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All About Arthritis and Osteoporosis

When things are going well and our body feels strong and healthy, musculoskeletal health is an aspect of our well-being we probably don’t think about much. But when new discomfort pops up, it’s important to pay attention and investigate if it’s a larger issue. This is especially true for women, as when it comes to some joint and bone issues like osteoporosis and most types of arthritis, women are particularly at risk. 

That’s why we’re here to empower you with information about these conditions, including their symptoms, risk factors, and different treatment options, from medical interventions to lifestyle tweaks. After reading, you’ll better understand how to keep your bones and joints as healthy as possible, plus how to find relief when things flare up and support your loved ones when they’re in pain.

Differences Between Arthritis and Osteoporosis 

Arthritis and osteoporosis are related, but distinct, musculoskeletal conditions. Arthritis refers to a group of disorders that cause inflammation and pain in the joints. It involves the breakdown of joint cartilage and may affect various joints throughout the body. Common types of arthritis include rheumatoid arthritis, osteoarthritis, and psoriatic arthritis.

On the other hand, osteoporosis is a condition characterized by decreased bone density and structural deterioration, leading to an increased risk of fractures. It primarily affects bone strength and quality, making bones more susceptible to fractures, even from minor trauma. It’s possible to have both arthritis and osteoporosis at the same time.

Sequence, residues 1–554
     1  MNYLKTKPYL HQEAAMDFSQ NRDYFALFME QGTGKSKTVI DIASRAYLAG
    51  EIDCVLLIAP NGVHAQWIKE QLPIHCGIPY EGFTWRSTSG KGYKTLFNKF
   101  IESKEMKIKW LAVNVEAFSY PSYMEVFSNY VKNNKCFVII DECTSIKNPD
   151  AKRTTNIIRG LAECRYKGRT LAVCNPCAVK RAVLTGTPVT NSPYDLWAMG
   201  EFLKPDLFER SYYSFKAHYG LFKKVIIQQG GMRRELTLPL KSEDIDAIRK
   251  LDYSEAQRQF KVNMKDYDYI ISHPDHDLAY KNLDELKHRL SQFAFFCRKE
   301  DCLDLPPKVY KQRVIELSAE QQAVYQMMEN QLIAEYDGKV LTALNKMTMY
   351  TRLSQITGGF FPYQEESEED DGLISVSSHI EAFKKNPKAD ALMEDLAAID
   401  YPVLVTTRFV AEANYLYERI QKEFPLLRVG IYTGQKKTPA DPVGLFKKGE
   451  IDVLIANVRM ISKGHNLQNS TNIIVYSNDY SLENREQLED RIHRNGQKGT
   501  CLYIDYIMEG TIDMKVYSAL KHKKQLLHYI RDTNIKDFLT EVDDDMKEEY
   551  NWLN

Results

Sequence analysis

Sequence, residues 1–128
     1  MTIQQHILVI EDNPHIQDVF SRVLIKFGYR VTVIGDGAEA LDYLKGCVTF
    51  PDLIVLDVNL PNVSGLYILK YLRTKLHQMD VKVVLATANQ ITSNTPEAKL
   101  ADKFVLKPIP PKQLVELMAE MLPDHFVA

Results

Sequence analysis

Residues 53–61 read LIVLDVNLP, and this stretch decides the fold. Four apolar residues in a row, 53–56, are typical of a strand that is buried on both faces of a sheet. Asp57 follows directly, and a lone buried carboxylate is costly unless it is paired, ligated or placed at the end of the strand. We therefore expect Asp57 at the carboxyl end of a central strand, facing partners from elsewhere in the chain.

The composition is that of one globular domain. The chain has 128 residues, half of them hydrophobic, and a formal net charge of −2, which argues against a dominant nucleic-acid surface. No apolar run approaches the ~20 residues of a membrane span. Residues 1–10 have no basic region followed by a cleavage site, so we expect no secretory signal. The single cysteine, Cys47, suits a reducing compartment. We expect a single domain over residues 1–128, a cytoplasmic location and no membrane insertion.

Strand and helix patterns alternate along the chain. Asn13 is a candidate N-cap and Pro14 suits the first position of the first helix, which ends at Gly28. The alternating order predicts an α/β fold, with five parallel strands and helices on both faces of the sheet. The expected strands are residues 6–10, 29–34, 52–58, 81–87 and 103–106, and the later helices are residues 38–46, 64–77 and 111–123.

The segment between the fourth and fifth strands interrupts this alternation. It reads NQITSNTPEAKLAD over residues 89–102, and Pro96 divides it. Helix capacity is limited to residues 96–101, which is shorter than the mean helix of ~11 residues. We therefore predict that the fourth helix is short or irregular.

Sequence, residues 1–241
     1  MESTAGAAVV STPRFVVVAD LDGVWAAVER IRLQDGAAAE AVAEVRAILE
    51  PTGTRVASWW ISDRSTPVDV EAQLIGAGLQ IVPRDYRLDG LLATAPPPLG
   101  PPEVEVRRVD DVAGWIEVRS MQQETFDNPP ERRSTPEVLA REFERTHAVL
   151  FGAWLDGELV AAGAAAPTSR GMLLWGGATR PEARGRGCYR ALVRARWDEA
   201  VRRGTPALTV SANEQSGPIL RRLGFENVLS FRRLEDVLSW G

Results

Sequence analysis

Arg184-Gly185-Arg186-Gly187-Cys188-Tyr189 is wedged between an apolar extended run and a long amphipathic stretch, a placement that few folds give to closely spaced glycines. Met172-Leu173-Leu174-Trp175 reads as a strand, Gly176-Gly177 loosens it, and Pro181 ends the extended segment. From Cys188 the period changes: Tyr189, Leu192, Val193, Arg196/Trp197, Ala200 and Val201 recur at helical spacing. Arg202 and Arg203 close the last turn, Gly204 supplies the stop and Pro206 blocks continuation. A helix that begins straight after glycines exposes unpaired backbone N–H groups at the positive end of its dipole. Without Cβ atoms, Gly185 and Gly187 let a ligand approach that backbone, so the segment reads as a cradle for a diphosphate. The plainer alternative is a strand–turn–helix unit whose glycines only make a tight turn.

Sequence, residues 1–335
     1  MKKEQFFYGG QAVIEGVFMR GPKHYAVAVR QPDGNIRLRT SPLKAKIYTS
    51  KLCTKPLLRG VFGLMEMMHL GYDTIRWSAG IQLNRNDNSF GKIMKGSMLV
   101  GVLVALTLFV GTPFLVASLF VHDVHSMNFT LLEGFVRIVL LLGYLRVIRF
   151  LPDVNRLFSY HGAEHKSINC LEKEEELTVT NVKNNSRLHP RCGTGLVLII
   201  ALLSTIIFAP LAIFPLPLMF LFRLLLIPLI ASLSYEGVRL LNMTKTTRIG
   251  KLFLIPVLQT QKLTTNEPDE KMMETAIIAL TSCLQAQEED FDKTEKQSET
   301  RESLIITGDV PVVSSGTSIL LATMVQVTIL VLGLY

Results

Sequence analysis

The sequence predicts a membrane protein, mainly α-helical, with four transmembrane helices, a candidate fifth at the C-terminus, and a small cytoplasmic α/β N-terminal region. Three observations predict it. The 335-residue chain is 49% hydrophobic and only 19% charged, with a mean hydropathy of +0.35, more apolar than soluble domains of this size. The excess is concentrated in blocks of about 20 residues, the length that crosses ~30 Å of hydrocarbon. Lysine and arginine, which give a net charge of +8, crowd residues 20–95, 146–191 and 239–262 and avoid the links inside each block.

Both conditions are common. The Centers for Disease Control and Prevention (CDC) reports that 24% of U.S. adults, or 58.5 million people, have arthritis. Osteoporosis is most common in older adults; data from the National Health and Nutrition Examination Survey in 2017-2018 showed that 12.6% of adults aged 50 or over had osteoporosis, and 43.1% had low bone mass, a precursor of osteoporosis. 

Symptoms of Arthritis

Arthritis symptoms are usually more noticeable than osteoporosis symptoms. And while there are more than 100 specific types of arthritis, many of them share general symptoms. Some of these symptoms include these effects on the joints:

  • Pain
  • Stiffness
  • Swelling
  • Redness
  • Decreased range of motion

Two of the main types of arthritis are osteoarthritis (not to be confused with osteoporosis) and rheumatoid arthritis. They each damage the joints in different ways.

Osteoarthritis develops when there is consistent damage to cartilage, the hard coating on the ends of bones where they form a joint. Functioning cartilage allows for painless movement of your joints, cushioning the ends of the bones, and when it’s damaged it can lead to the painful experience of bone grinding directly on bone. This damage can happen over years, or quickly through a joint injury or infection. With osteoarthritis, the underlying bone begins to change, and it occurs most commonly in the hands, hips, or knees.